I’ve often seen French lentil salad paired with a simple grilled salmon fillet, which would be delicious, though I like it best with a few hunks of buttered baguette for a comfy lunch or light dinner. The little green French (or Puy) lentils have a toothsome texture and earthy–almost minerally–flavor that works well with their flavorful counterparts. The best part is, aside from the bit of hunting you’ll have to do for the lentils, everything else in this salad is widely available all the time. Note: Don’t substitute brown or yellow lentils in this recipe; they’re too mushy when cooked.

VLUU L210  / Samsung L210

Warm French lentil salad

    5-6 pieces bacon
    Extra virgin olive oil, as needed
    1 medium yellow onion, finely chopped (reserve 1/4 cup for the dressing)
    1 bay leaf
    6 sprigs thyme, chopped and divided in half
    1 1/2 cups French (puy) lentils, picked over for little stones
    Salt and freshly ground black pepper, to taste
    1/2 cup chopped fresh parsley
    1/2 cup red wine vinegar
    1 1/2 cup chopped baby spinach

Method: In a heavy-bottomed pot, render the bacon slowly over medium heat until crisp. Remove with a slotted spoon, and set on paper towels to drain, leaving the bacon grease in the pot. Add 1 teaspoon olive oil to the pot, and turn the heat up to medium high. Add the chopped onion, saving 1/4 cup for the vinaigrette. Saute the onion till soft, about 5 minutes; then add the bay leaf, about half the fresh thyme and the lentils. Cook for 2 minutes, then add 3 cups water. Cover the pot, bring it to a boil and reduce it to a simmer.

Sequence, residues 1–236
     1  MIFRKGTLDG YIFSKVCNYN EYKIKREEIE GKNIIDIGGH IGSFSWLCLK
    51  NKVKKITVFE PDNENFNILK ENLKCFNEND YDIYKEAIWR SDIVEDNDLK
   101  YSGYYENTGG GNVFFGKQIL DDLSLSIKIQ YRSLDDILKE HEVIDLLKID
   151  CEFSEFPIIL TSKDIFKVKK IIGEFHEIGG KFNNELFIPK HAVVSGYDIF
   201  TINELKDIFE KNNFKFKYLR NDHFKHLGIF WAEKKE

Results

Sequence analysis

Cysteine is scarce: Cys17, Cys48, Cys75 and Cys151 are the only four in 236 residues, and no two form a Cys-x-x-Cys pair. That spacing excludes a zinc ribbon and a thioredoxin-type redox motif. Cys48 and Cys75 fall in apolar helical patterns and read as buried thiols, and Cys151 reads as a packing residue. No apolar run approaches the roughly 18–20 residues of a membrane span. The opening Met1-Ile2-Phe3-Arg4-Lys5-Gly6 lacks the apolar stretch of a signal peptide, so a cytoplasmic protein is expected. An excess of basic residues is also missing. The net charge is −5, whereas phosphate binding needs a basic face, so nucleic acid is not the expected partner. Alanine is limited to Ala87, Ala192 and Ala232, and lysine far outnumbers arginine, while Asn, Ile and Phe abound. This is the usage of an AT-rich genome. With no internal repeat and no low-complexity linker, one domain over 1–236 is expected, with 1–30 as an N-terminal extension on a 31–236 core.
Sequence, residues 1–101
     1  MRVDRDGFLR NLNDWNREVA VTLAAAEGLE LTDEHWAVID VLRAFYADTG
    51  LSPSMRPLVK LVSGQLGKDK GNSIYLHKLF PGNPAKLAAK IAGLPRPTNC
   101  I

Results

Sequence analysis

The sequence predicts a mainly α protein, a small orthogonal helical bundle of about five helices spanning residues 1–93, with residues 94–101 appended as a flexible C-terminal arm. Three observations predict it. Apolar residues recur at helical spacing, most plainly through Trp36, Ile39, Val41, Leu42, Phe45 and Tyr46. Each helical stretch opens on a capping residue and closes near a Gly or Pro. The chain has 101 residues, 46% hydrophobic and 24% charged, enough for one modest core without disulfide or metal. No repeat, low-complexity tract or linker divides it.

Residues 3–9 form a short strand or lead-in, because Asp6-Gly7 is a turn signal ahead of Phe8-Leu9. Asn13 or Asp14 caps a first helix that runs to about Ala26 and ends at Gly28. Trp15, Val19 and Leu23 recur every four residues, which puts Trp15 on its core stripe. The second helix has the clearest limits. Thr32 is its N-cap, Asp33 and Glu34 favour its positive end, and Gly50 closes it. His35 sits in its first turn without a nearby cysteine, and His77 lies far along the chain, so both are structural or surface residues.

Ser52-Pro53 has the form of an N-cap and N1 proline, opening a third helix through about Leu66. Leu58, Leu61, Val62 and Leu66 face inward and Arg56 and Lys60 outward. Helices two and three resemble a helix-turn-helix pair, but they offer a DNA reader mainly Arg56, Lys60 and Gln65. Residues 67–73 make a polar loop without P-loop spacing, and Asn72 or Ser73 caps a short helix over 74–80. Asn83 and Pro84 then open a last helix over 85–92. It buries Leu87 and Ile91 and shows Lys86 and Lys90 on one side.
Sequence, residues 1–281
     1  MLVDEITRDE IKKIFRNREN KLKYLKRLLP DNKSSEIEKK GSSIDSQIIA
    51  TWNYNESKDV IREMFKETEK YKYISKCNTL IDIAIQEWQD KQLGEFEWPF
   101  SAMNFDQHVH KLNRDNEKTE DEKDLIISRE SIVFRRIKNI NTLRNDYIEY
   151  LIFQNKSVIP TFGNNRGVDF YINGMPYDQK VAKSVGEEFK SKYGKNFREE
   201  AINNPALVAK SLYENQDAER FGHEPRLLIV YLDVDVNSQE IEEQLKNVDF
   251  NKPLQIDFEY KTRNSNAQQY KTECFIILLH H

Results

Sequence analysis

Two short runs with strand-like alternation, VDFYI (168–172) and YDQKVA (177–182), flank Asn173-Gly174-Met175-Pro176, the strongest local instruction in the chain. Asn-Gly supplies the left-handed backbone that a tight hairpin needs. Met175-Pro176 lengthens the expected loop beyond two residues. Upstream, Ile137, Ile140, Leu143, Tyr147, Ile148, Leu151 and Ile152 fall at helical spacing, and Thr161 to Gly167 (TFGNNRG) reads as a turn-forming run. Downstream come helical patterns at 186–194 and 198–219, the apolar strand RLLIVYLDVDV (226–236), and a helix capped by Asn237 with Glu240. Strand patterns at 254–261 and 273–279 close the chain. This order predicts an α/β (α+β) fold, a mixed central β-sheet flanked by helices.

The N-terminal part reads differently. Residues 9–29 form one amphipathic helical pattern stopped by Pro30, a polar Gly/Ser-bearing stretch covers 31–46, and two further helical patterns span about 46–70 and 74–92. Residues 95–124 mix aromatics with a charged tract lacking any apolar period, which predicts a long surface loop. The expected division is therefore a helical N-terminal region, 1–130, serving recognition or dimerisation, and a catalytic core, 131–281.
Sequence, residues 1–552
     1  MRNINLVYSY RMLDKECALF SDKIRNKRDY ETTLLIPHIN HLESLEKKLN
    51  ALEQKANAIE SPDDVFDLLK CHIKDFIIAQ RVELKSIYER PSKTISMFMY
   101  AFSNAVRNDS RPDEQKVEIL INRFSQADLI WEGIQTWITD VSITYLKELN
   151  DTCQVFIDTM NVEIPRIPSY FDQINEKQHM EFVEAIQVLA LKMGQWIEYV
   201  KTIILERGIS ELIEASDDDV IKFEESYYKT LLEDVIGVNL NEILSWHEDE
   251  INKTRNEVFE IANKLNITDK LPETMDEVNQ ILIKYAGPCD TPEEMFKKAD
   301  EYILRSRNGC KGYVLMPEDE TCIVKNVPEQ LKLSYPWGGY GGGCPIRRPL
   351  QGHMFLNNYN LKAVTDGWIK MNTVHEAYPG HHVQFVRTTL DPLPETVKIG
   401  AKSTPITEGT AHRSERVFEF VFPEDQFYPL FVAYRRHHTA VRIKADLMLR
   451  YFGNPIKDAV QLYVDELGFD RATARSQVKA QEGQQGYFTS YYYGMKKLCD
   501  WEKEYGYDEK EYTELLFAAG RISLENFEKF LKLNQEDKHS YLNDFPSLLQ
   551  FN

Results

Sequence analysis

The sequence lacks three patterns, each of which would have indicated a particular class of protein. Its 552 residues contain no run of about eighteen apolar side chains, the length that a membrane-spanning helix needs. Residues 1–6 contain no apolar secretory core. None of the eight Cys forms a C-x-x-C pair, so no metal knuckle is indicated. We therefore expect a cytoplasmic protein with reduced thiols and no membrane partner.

VLUU L210  / Samsung L210

Cook the lentils for 15 to 20 minutes, or until they’re tender while still maintaining their shape. Drain off the excess water, and remove the bay leaf. Check for seasoning, and adjust as needed. Set aside to cool slightly.

Meanwhile, combine the rest of the onion and thyme with the parsley, red wine vinegar, salt and pepper in a large bowl. Slowly drizzle in the olive oil, whisking constantly. Taste for seasoning, adjusting as needed.

Add the warm lentils and chopped spinach to the bowl with the vinaigrette, and toss to combine. Crumble the cooled bacon into small pieces and add it to the salad. Serve warm or at room temperature.

Serves 4 as a salad course.